Fuego – The Best Album Since???

Just paddling towards a big Fuego ball

Upon first listen I wanted to say Fuego is my favorite album since Farmhouse but after I got past the initial excitement that there’s fresh Phish material on a new album produced by rock legend Bob Ezrin (Peter Gabriel, Pink Floyd, Lou Reed) I realize their two 2.0 efforts–Round Room and Undermind–were also pretty good albums. After talking to some people who have heard the early release copies or the NPR album audio, it’s fun to hear how they stack up Fuego to the last five albums. One thing everyone seemingly agrees on is that this is the best album 3.0 has offered us.

The ten-track CD that was originally thought to have been titled after their song “Wingsuit” was instead named after the opening track, “Fuego”. “Fuego”, as the name suggests, is quite a hot number. Although the first thoughts that came to mind while listening to the multi-segmented composition is that it would have possibly fared better getting the Black Eyed Katy treatment–having no lyrics. The discombobulated and intensely “Phishy” words in the song are alright. But they’re just alright, while the instrumentals of the song are great. It also leaves open a lot of room for speculation on jammed-out this song is going to be this summer. There’s a lot of room for fast, 3.0-Piper-like improv.

The entire album goes together pretty nicely and one thing that is noticeable throughout is how full and solid the band sounds. Mike and Page sound especially prominent throughout the album with great piano segments and thick, powerful bass lines. The bass is especially noteworthy on the swankier of grooves: Mike’s very own “555 and “Wombat”. “555 is perhaps my favorite Mike song (outside of Mike’s Song of course). His odd voice fits the song perfectly, the bass is powerful and fun throughout, there’s some excellent horn work (GCH this summer?!) and great room for live interpretation in either a first or second set. This isn’t a Sugar Shack, this is more of a groove that I think is easily adaptable to any live situation. “Wombat” is the song that sounds like it came out of a 1997 funk jam and includes one of my favorite moments on the entire album when the music drops away and they come back with a huge explosion sound effect. BOOOOOOOOM. Mike should program one of his pedals to have this sound for when they play it live; BOOOOOM -> jammed-out dance party. Okay, back to the album and not so much about how I want to see these songs live… “Wombat” has silly ‘Phishy’ lyrics like “Fuego” only I think they fit just right with this song–it also has fantastic horn work.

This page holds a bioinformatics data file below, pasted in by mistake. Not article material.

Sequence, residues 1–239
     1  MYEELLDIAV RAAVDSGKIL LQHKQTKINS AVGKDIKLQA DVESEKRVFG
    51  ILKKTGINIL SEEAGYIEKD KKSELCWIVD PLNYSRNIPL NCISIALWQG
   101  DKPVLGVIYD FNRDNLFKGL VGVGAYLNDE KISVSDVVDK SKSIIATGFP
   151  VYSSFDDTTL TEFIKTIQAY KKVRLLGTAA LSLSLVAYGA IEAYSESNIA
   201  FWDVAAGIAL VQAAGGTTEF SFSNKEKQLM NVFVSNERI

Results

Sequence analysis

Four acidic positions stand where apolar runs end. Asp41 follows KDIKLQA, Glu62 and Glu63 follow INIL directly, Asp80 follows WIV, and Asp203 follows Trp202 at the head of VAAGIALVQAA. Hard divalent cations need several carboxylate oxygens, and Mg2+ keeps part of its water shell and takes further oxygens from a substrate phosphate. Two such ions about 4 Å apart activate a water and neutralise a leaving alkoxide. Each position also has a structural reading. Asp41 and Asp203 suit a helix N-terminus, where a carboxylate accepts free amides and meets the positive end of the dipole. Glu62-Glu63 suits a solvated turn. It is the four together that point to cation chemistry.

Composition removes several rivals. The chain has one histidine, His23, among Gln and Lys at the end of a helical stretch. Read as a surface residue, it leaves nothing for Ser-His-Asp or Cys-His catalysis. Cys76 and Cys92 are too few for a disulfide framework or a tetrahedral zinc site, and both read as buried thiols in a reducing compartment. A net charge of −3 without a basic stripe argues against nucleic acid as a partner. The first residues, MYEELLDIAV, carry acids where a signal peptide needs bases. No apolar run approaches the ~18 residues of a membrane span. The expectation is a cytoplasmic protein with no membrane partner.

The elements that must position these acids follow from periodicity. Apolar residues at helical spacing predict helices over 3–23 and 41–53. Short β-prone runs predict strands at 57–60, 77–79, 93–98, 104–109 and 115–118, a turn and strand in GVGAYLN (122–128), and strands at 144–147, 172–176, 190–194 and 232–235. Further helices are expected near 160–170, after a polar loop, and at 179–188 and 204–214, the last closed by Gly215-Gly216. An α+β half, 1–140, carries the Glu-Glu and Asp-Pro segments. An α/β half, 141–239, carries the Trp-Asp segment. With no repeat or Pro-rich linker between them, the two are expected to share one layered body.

"Waiting All Night" inside art. Note: there is a lyric book inside to follow along all the silly Fuego words

There are also more contemplative compositions like “The Line” and “Waiting All Night”. “The Line” is well done and quite catchy (“Sing Monica” is also very catchy) while “Waiting All Night” is well done and whimsical. Whimsical, almost psychedelic, similar to an extended Frankie Says groove or a mid-jam Dog Faced Boy. When Phish released this track ahead of time I wasn’t impressed with the first listen but I quickly came to love it, picturing it as a track seemingly lost from Story of the Ghost. The potential is also incredible for the track. It could be a mid-jam eerie oasis, a comforting landing pad after a life-changing jam, or a jammed-out song on its own. So much potential for the summer!

There are some songs that don’t quite hit the mark. A lot of 3.0 songs suffer from sappy songwriting from Trey and “Winterqueen” and “Devotion to a Dream” are hurt by this. I think when Trey tries to get too cute with lyrics, it can take away from otherwise good musical compositions. “Wingsuit” straddles the line between cheesy Trey lyrics, silly Phishy lyrics, and psychedelic whimsical. The music is contemplative, throbbing, and moving. The lyrics fit pretty well, but when they all sing “put your wingsuit on, put your wingsuit on, put your wingsuit on”, it starts pushing into the cheesy TAB realm and I start envisioning that animated “Valentine” music video of a cartoon Trey flying all over town.

Outer album art
However, even with the few small detractions that are in any album, this is the most solid effort since at least 2004 as far as both instrumental and lyrical writing goes. Page’s “Halfway to the Moon” even gets a spot, making the entire album impressively well rounded between all the different sounds it offers. I also like the fact that songs like “Steam” didn’t make the cut to be on an album because it adds to the long-standing mystique of Phish’s songs–some of their best songs not available anywhere but a live concert. I think they did this album really well on all fronts and it gets me very excited for their upcoming summer tour which Trey rumored to be very heavy with original Phish material. I think it’s time to let some of the new members to the cataloug breath in second sets and open concerts. I love all eras of Phish music, but I’m excited for them to let some newer stuff take the improvisational wheel.

You can still pre-order the album for $9.99 here on CD or MP3. The album will be released June 24.